A Hanging Offense

Did the Devereux Treatment Center provide the care Cecilia Garrett needed or did it drive the young teenager to her death?

Robinson was getting ready to leave, but Cecilia's roommate was headed for her room, so she decided to go with her. She walked into the dark room and saw Cecilia's bed all torn up. There was a light under the bathroom door. Robinson turned around and put the roommate out because she couldn't see Cecilia. She pushed the bathroom door open, which was hard to do because Cecilia's weight was against it. When she finally shoved the door open, Robinson said, Cecilia's body fell in front of her.

It wasn't until August 1997 that Gladys and Victor Garrett got Cecilia's death summary report from Devereux. Saeed said he was behind on his paperwork.

Cecilia, shown at a young age, grew up in the Chicago 
Cecilia, shown at a young age, grew up in the Chicago projects.
On the night of her death, Cecilia got in a shouting 
match with other girls on her unit.
Tifenn Python
On the night of her death, Cecilia got in a shouting match with other girls on her unit.

Therapist Patti Thompson and Cecilia may not have been a good match. Joan Anderson, reviewing the files, said she felt that Cecilia liked Thompson in general, but that there were times when she was very angry with her.

Saeed said he talked with Thompson about how to deal with Cecilia because of her size, which made her appear older than she was.

Thompson said Cecilia would write her notes, then tell her to tear them up. She wrote poetry about death. "Cecilia had a somewhat hopeless feeling about her future at times in terms of would she make it," Thompson said.

Thompson apparently had problems meeting some state standards. For instance, in the year after Cecilia's death, Thompson, who was the therapist for half the unit, or 11 clients, did not provide any individual therapy for another patient for a six-week period in late 1997, which resulted in a citation for noncompliance with the Texas Department of Protective and Regulatory Services.

At another point, other employees accused Thompson of falsely documenting that she was providing therapy when she was actually at her chiropractor.

Psychiatrist Aaron Fink, who reviewed Cecilia's case files for the plaintiffs, said Thompson provided substandard care to Cecilia because she failed to recognize her intellectual limitations.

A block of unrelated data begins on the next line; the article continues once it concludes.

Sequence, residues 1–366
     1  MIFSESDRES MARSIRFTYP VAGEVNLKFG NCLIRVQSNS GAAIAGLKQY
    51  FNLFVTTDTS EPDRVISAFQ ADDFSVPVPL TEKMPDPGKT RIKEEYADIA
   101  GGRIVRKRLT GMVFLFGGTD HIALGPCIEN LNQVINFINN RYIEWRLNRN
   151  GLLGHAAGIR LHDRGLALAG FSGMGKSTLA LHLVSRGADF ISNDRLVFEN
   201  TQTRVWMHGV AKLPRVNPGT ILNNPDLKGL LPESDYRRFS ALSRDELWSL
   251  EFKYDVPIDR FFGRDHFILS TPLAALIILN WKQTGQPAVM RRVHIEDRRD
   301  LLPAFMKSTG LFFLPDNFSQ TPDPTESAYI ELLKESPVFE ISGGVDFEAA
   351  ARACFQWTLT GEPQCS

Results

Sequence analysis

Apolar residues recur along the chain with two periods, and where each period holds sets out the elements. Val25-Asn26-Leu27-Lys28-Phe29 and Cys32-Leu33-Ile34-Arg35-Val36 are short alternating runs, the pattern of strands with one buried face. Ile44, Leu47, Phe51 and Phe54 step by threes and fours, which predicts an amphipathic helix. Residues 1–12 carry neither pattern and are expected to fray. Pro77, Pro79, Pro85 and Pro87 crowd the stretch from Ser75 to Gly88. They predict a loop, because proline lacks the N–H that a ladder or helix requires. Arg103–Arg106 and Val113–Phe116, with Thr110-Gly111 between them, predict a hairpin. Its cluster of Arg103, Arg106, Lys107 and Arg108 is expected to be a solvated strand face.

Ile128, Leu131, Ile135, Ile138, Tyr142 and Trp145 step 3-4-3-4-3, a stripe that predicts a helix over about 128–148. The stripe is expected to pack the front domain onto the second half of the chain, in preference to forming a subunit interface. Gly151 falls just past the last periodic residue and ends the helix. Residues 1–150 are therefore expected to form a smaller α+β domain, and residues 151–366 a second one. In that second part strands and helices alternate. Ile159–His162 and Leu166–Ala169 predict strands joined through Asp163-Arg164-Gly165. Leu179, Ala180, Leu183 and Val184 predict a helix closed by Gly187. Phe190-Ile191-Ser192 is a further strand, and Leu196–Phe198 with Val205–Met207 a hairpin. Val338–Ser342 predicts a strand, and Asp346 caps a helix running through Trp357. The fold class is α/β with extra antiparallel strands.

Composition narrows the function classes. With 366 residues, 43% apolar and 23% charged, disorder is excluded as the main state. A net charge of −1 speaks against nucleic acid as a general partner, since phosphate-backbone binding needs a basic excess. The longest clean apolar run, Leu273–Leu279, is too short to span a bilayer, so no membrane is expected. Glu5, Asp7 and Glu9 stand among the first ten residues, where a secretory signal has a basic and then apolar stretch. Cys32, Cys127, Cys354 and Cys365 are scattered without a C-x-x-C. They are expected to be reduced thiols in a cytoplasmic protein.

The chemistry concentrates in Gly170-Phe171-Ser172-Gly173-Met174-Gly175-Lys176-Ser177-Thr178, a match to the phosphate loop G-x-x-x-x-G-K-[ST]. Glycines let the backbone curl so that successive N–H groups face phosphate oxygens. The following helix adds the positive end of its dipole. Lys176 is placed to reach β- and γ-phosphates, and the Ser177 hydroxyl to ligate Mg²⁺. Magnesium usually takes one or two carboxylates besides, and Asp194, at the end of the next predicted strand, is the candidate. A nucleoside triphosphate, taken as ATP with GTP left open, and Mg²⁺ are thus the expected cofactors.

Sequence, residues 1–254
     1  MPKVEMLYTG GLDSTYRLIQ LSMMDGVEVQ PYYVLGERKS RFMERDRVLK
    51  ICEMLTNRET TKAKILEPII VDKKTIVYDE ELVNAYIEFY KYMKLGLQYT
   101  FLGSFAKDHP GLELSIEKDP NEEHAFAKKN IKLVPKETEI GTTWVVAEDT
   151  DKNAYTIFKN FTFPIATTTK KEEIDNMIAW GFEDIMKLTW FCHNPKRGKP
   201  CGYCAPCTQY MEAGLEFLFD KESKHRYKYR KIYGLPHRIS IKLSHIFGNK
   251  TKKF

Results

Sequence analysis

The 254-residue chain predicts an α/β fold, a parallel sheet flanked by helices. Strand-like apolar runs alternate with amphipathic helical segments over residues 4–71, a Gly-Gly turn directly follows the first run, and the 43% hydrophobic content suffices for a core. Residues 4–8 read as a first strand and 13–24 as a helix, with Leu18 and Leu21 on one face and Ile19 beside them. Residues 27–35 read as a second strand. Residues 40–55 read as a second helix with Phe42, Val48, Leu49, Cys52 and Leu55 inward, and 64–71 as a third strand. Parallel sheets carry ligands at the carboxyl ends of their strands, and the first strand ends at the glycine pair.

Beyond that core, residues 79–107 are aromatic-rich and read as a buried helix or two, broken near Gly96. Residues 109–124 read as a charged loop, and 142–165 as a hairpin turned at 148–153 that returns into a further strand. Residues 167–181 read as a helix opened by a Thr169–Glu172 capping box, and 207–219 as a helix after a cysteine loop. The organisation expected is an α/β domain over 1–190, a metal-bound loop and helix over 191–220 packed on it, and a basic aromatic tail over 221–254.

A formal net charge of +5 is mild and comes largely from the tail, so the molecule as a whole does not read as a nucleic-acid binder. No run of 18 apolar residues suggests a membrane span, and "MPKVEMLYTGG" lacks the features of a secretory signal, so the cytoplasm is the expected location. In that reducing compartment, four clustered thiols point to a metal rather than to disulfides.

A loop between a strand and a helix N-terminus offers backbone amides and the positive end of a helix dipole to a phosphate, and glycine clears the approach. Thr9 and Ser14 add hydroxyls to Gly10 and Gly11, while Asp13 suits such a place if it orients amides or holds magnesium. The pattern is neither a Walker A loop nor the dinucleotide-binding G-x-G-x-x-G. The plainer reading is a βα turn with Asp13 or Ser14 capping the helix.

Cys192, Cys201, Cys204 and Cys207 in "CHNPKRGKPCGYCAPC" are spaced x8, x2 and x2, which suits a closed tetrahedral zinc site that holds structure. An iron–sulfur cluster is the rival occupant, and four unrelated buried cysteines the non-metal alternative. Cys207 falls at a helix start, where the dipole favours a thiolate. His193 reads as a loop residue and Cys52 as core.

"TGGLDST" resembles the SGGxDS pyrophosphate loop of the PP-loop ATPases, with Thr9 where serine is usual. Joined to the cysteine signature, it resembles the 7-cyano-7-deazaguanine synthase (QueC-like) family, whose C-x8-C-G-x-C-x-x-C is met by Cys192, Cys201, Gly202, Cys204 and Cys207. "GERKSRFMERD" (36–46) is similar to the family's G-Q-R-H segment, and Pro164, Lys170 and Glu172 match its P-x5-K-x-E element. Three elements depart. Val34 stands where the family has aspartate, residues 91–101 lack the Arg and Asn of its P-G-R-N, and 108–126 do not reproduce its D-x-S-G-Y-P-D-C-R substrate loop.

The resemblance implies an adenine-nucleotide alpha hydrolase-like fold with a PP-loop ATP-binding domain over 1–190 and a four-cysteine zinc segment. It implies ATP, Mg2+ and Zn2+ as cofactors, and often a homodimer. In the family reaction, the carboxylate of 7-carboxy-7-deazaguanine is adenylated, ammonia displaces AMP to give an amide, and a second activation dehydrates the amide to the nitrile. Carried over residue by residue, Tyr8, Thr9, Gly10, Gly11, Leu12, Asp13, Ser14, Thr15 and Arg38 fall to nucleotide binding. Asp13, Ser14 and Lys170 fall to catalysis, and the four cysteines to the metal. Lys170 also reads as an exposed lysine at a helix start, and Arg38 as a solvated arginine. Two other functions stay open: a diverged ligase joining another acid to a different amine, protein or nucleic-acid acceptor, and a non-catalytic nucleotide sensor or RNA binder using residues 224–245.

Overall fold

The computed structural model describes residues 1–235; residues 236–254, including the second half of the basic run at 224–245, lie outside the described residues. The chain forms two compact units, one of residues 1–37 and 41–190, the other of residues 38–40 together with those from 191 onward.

Thompson wasn't the only Devereux employee to attract complaints in the late '90s. Unit manager Jeff Kennedy didn't have the proper certification to be in that job. TDPRS notified Devereux that it was in noncompliance because of his lack of qualifications. He was moved laterally to another position after Cecilia's death.

On another occasion Kennedy got in trouble for spraying water on a sleeping client to wake him up. According to a document from the state licensing department, "Mr. Kennedy did admit that he used poor judgment." Yet when asked about it in his deposition, Kennedy said he could not recall the incident.

Melba Lindberg, despite being Devereux's director of operations, said in her deposition that she was unaware that Kennedy had been accused of spraying anyone with water.

Lindberg herself was cited by the state for failing to report two suicide attempts in April 1996, one a patient who slit a wrist and another who attempted to hang himself with a bedsheet over a door, just as Cecilia would do eight months later. Lindberg insisted these were not "major" attempts at suicide and thus didn't need to be reported to the state. She was instructed otherwise.

She was investigated by the Texas Department of Health after employees filed complaints about her.

Devereux had an adult patient who died by hanging himself using a door in the year before Cecilia's death. Following this, Gail Atkinson said, some policies and procedures were changed, such as when kids could go to the bathroom and when doors could be locked, so there would be better supervision. Robinson had suggested cutting the tops off the internal doors, but that wasn't done. The fire marshal said that would violate fire codes, Atkinson said, adding, "There are many other ways that a person can hang themselves other than the door." The group also discussed throwaway gowns and sheets that would tear easily, but Atkinson said that upon talking to a number of people they decided that wouldn't be effective.

League City police reports for 1995 and 1996 show repeated calls -- more than 100 a year -- to Devereux. Some were prank 911 calls, but others included repeated claims of assault and sexual assault, as well as reports of missing persons.

Despite this, Devereux doesn't appear to have a reputation for problems in the community at large. Some of that may be owing to its influential board of directors, which in 2002 included the following from the economic development side: Tom Brooker, a developer with the South Shore Harbour Development Corporation; Jim Reinhartsen, head of the Clear Lake Area Economic Development Foundation; Tedd Olkowski, head of the Galveston County Alliance; and Doug Frazier, with economic development for the city of League City. Law enforcement showed itself on the board as well, with Pat Bittner, assistant chief of police in League City, and Gean Leonard, Galveston County sheriff.

Joyce Robinson is a crucial figure in the Cecilia Garrett story. In one of her letters home, Cecilia complained that "it's hard trying to live off these white people rules." Robinson, a fellow African-American, said Cecilia called her "Mom" and felt comfortable with her. In her deposition, Robinson was positive about Cecilia's future; she said she felt Cecilia was working hard to overcome her background and make something of herself.

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This is not the truth I was there I was one of the girls at group. That place is a mad house ,ive been messed up since that day

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